(Roughly) Daily

“If the left one don’t get you, then the right one will”*…


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Via GOOD: from the Black Death to the measles, rapidly spreading diseases have taken a toll on humanity for centuries.  Here’s a look at the biggest and deadliest pandemics ever.

* Merle Travis, “Sixteen Tons”

As we reach for the hand sanitizer, we might send biodegradable birthday wishes to German physiologist Theodor Schwann; he was born on this date in 1810.  In the course of his illustrious career, Schwann identified the role of microorganisms in putrefaction, formulated the basic principles of embryology (that the egg is a single cell that develops into a complete organism), identified “Schwann cells” in the peripheral nervous system, discovered pepsin, determined the organic nature of yeast, and coined the term “metabolism.”  But he is best remembered for defining the cell, the basic unit of living structure, in Mikroskopische Untersuchungen (1839)– and in so doing, laying the foundation for the cell theory, an accomplishment that has earned him the honorific “Father of Histology.”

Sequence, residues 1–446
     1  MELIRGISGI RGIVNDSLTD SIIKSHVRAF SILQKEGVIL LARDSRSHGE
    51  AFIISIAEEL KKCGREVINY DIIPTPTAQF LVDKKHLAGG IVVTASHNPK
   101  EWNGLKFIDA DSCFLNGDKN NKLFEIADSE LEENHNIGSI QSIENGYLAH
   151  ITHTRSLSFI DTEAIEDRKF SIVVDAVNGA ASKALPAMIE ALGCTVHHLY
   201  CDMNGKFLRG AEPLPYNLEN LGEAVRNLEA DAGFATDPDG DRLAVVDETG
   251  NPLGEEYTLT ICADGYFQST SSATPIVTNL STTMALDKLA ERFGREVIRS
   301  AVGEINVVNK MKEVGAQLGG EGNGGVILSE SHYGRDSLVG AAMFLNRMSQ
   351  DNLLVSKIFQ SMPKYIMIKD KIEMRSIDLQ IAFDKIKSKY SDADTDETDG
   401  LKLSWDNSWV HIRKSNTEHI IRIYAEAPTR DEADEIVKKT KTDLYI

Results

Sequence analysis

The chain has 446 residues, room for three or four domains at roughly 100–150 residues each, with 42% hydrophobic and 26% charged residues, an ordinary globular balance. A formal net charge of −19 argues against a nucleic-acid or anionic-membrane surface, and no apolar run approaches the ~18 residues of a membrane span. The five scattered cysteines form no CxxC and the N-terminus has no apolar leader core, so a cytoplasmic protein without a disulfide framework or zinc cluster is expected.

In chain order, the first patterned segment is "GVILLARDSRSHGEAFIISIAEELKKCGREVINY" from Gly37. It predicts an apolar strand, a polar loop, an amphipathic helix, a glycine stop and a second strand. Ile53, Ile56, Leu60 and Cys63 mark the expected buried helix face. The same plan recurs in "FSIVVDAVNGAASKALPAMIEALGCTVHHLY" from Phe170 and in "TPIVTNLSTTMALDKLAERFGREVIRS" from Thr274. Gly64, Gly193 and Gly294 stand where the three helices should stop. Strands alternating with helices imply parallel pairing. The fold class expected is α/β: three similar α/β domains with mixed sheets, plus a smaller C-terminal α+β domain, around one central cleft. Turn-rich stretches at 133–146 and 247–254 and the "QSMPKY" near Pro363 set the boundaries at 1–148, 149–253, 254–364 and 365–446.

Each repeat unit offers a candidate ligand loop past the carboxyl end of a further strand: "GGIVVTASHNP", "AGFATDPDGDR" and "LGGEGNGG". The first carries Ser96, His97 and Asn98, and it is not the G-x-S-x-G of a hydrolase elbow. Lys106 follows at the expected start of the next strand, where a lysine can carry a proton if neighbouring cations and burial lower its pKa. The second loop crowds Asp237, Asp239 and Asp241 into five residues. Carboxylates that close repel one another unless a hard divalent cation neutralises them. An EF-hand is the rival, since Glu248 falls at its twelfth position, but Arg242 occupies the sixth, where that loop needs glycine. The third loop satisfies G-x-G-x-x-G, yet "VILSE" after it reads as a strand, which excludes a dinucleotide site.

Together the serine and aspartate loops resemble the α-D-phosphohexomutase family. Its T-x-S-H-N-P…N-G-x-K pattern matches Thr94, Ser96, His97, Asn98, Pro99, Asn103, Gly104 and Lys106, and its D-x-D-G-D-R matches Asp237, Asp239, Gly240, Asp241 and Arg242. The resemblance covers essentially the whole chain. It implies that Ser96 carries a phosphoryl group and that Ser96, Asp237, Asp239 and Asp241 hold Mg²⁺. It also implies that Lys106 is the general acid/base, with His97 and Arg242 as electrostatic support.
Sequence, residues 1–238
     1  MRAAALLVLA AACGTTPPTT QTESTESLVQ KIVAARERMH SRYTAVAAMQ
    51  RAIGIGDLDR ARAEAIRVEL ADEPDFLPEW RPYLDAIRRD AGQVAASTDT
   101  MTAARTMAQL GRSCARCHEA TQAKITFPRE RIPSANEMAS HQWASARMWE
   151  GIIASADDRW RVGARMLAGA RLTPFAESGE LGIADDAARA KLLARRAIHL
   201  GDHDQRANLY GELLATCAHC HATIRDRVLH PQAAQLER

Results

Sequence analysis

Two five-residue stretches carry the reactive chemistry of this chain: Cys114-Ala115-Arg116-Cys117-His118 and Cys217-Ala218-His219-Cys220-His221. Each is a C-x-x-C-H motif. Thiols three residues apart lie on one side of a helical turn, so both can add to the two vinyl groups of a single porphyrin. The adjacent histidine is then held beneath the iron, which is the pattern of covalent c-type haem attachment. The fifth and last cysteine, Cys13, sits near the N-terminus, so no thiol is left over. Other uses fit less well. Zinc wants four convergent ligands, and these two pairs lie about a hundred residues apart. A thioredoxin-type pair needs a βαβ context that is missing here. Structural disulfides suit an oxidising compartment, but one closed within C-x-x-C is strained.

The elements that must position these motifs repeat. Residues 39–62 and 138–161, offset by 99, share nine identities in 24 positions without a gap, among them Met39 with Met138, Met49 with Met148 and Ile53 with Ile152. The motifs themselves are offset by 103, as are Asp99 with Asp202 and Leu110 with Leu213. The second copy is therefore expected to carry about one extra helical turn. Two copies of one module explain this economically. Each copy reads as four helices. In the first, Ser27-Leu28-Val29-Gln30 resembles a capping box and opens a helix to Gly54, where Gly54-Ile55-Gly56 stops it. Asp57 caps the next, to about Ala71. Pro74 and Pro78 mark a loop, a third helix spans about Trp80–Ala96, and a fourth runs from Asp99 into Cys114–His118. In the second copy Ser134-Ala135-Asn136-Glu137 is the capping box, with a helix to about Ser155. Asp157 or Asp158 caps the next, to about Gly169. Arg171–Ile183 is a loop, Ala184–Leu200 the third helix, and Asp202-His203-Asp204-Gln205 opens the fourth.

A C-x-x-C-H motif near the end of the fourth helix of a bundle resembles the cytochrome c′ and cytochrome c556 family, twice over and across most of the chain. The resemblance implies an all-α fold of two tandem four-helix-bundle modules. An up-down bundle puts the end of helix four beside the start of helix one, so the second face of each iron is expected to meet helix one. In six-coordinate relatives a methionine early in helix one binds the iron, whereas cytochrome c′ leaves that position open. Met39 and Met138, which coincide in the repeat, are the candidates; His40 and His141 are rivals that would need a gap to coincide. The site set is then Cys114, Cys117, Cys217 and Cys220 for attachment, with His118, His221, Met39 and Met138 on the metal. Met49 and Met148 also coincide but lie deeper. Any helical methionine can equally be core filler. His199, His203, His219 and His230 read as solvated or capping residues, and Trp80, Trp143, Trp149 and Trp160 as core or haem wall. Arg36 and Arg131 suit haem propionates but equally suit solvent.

Written by (Roughly) Daily

December 7, 2011 at 1:01 am

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